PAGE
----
On at least two occasions in the past ..., I have discussed with you conflict of interest, impropriety, and the appearance of impropriety as a municipal employee. We had discussed in detail your real estate

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activities, and I cautioned you on actions that reflected adversely on the Village....

The Falls News article of last week concerning your proposed development of the [Harding Drive property] is an illustration of the "appearance" of impropriety in that it appears you are using "insider" information in your real estate activities. While my investigation confirms this is NOT the case, the public perception remains that "something is wrong."

* * * * * *

I am ordering that you refrain from being involved directly or indirectly in any real estate transaction or development within the Village of Menomonee Falls except for the sale or purchase of a personal residence.

Farrenkopf's memorandum also directed Fittshur to submit a list of all his past and present real estate transactions in Menomonee Falls.

In a May 8, 1989, memorandum to Weber and Farrenkopf, Fittshur defended his actions, noting that he had not violated a formal code of ethics (none was in place) and that no other employees of the Village were subject to restrictions on their outside business activities. Invoking his right to privacy, Fittshur refused to disclose any information to Weber and Farrenkopf concerning his real estate transactions. Furthermore, Fittshur indicated that he would continue to engage in real estate transactions, since any prohibition on such activity would violate his right to contract. Fittshur eventually completed his purchase of the Kletsch property as well as the sale of several of his properties.

After receiving Fittshur's May 8 memorandum, Farrenkopf hired Alpha Omega Security (Alpha) to conduct an investigation for the Village into Fittshur's real estate dealings. During the course of the investigation, which extended through the summer of 1989, Alpha contacted a number of people who had been involved in real estate transactions with Fittshur. Several of them were told by Alpha that the Village was investigating Fittshur because of evidence that he had taken advantage of the elderly in his transactions, had made improper use of assessed valuations and other Village records, had forged signatures on land-sale contracts, and had committed other unspecified "improprieties" in his real estate dealings.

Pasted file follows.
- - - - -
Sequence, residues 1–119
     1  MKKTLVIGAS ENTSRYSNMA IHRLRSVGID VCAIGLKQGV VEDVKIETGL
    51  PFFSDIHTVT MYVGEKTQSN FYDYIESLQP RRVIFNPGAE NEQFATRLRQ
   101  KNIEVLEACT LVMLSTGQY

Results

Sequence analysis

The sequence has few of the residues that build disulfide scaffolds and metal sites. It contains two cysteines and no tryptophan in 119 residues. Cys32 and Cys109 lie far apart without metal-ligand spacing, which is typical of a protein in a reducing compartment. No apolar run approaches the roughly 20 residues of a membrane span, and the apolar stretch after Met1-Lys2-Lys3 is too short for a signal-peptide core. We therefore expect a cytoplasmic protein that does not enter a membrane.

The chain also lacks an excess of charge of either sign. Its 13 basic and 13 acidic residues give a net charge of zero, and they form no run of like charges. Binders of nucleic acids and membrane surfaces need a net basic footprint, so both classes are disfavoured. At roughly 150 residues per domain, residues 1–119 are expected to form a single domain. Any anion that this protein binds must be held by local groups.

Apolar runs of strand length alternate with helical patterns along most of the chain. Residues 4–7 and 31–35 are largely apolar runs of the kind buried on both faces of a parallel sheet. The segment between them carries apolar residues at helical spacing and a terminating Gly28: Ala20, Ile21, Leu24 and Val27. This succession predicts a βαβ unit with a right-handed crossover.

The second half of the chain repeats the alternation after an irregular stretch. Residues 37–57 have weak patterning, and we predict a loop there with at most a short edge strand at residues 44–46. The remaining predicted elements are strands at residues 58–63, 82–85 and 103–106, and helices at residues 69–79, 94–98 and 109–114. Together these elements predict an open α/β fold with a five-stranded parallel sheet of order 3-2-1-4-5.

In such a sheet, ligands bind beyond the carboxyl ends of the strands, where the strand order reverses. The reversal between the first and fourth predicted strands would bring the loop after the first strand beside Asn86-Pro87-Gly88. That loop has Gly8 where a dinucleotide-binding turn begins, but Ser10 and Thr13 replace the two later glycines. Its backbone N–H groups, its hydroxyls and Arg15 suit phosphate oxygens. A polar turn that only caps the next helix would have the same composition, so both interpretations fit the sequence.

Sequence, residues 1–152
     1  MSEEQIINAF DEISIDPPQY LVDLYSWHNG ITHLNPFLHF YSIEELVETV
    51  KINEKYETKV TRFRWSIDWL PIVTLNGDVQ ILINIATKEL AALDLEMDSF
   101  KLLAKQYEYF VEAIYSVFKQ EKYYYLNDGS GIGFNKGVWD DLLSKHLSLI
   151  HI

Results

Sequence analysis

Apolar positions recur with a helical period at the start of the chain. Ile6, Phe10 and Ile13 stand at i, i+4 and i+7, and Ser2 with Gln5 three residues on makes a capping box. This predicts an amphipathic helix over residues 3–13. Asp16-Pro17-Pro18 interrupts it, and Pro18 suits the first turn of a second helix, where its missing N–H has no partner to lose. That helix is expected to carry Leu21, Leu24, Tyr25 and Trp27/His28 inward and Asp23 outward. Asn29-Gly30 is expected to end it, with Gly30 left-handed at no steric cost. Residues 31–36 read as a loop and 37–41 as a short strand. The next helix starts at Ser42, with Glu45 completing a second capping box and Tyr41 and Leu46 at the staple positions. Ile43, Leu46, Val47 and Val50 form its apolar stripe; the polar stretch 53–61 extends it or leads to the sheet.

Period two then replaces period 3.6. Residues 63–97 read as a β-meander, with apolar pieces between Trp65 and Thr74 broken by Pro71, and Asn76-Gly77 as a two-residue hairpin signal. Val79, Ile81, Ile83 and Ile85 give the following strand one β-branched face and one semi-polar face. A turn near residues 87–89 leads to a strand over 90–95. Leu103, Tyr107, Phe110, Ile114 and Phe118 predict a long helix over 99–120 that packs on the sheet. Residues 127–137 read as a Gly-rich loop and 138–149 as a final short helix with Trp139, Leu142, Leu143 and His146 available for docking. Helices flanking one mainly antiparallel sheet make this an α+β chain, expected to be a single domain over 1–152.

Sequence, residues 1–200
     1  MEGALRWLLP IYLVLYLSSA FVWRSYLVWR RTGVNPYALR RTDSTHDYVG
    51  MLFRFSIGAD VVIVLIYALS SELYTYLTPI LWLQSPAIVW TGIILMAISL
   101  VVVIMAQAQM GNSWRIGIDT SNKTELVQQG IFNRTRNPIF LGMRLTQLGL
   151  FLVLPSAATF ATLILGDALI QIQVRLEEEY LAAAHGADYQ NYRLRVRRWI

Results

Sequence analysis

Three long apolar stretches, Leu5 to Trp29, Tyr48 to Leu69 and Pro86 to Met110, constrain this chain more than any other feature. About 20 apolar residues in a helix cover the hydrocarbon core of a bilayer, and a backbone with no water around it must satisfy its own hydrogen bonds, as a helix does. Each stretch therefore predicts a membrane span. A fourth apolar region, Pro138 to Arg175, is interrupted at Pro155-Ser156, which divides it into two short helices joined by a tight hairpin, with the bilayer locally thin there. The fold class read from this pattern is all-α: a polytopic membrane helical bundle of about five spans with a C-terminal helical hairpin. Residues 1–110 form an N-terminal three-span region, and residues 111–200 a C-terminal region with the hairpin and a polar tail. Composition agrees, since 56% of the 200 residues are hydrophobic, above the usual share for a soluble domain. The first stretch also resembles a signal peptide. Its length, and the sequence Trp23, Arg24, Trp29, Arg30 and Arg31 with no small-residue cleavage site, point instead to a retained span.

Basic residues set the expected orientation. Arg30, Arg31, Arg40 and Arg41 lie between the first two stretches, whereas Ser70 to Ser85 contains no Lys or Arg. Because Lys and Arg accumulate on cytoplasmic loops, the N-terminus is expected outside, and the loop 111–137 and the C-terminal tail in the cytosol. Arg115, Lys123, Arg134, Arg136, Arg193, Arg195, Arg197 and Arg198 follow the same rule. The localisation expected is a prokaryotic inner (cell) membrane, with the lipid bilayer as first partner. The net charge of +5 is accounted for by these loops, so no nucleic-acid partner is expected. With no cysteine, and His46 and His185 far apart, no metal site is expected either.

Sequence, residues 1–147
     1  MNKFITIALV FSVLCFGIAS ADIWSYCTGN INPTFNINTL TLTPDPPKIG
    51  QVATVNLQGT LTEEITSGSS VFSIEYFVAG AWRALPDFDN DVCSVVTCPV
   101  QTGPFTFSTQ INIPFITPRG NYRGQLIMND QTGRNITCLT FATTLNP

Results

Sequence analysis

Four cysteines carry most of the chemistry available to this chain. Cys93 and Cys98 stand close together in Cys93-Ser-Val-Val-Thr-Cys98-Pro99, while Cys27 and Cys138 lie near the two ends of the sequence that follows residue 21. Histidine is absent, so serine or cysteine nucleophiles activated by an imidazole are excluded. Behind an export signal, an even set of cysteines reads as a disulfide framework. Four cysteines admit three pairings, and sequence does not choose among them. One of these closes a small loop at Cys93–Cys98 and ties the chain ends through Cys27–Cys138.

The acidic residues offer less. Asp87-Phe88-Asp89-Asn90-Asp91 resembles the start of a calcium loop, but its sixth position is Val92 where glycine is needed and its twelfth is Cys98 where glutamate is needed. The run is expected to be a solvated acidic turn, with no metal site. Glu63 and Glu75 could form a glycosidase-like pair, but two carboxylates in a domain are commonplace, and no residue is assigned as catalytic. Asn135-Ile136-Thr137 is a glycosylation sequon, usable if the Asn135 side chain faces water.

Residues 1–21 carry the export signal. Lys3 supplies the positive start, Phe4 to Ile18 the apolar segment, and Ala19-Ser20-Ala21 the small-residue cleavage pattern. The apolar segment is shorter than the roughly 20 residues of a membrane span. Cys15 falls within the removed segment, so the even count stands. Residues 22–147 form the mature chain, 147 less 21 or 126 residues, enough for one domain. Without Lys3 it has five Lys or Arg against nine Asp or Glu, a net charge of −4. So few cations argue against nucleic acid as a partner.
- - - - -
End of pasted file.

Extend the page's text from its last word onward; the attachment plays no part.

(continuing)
In November 1989, Alpha completed its investigation and apprised Farrenkopf of its findings. The record does not disclose Alpha's findings. It does indicate, however, that Alpha did not find that Fittshur had used "inside information" either in his purchases of the Schwartz and Harding Drive properties or in any subsequent real estate transactions. On November 20, Farrenkopf met with Fittshur, questioned him about his use of Village information in his private real estate transactions, and gave him the option of resigning or being discharged. Fittshur refused to resign and was discharged the following day. Farrenkopf gave no explanation for his action. Nor had Fittshur been warned that such action was imminent; on the contrary, Weber had recently given Fittshur a complimentary performance evaluation and had discussed the possibility of promoting him to the position of deputy assessor.

Thomas Schmidt, an assistant assessor who worked with Fittshur, understood from observing Fittshur at work and from conversations with Weber that Fittshur was fired for exploiting in private real estate transactions information he had gained as an assistant assessor for the Village. The reasons for Fittshur's termination quickly became "general knowledge." John Ugrotzi, assessor for the City of Oak Creek, Wisconsin, said that Weber told him at a professional gathering in 1991 that Fittshur had been terminated for "buying real estate on city time."

In January 1991, Fittshur filed this suit against the Village under 42 U.S.C. Sec. 1983. He alleged that the Village's termination of his employment without prior notification and a...